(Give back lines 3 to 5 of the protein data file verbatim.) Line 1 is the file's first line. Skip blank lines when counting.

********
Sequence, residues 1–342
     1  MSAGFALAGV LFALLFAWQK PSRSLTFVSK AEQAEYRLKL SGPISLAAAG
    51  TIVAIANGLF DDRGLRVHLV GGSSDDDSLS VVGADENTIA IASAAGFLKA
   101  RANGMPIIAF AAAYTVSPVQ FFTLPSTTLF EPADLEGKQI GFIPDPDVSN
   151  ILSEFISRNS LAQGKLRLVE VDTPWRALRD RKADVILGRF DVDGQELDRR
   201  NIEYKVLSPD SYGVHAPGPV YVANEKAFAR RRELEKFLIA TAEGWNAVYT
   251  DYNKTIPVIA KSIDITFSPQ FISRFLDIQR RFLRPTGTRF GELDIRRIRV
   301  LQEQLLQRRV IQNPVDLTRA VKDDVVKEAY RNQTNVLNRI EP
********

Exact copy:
    51  TIVAIANGLF DDRGLRVHLV GGSSDDDSLS VVGADENTIA IASAAGFLKA
   101  RANGMPIIAF AAAYTVSPVQ FFTLPSTTLF EPADLEGKQI GFIPDPDVSN
   151  ILSEFISRNS LAQGKLRLVE VDTPWRALRD RKADVILGRF DVDGQELDRR